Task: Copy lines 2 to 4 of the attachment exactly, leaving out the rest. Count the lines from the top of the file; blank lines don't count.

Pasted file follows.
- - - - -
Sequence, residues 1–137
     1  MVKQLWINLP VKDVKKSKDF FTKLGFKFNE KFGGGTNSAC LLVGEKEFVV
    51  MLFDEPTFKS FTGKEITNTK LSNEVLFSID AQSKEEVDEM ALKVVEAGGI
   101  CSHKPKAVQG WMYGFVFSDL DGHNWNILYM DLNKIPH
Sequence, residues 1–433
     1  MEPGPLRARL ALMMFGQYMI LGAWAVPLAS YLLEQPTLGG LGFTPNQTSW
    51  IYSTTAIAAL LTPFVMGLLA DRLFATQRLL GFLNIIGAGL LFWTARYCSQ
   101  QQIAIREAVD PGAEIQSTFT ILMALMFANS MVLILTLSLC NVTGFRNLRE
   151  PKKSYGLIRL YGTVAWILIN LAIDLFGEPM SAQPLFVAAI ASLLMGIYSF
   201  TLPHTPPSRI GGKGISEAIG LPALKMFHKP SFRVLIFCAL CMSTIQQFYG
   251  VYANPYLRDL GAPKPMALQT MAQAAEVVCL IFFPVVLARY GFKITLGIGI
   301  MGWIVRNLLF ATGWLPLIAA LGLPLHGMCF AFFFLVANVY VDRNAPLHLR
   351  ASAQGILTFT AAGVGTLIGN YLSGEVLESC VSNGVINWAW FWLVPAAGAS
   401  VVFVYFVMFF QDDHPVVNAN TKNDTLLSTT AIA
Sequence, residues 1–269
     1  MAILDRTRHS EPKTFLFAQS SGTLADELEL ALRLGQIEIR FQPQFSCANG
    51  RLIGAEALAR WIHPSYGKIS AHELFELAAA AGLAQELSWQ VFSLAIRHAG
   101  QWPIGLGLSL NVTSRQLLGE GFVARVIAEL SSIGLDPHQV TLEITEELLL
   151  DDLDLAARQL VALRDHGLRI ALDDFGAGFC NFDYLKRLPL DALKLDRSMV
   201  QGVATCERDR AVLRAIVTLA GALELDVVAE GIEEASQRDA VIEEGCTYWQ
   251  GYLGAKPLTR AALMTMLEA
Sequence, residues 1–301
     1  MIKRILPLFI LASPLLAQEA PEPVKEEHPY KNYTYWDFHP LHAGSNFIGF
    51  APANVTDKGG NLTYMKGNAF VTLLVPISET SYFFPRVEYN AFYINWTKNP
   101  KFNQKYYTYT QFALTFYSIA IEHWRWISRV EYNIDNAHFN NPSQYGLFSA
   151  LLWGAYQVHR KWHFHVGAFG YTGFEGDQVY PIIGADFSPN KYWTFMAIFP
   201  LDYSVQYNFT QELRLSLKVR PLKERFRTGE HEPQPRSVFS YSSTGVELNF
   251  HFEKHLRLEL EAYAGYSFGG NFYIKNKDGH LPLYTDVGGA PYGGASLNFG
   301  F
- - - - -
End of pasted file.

     1  MVKQLWINLP VKDVKKSKDF FTKLGFKFNE KFGGGTNSAC LLVGEKEFVV
    51  MLFDEPTFKS FTGKEITNTK LSNEVLFSID AQSKEEVDEM ALKVVEAGGI
   101  CSHKPKAVQG WMYGFVFSDL DGHNWNILYM DLNKIPH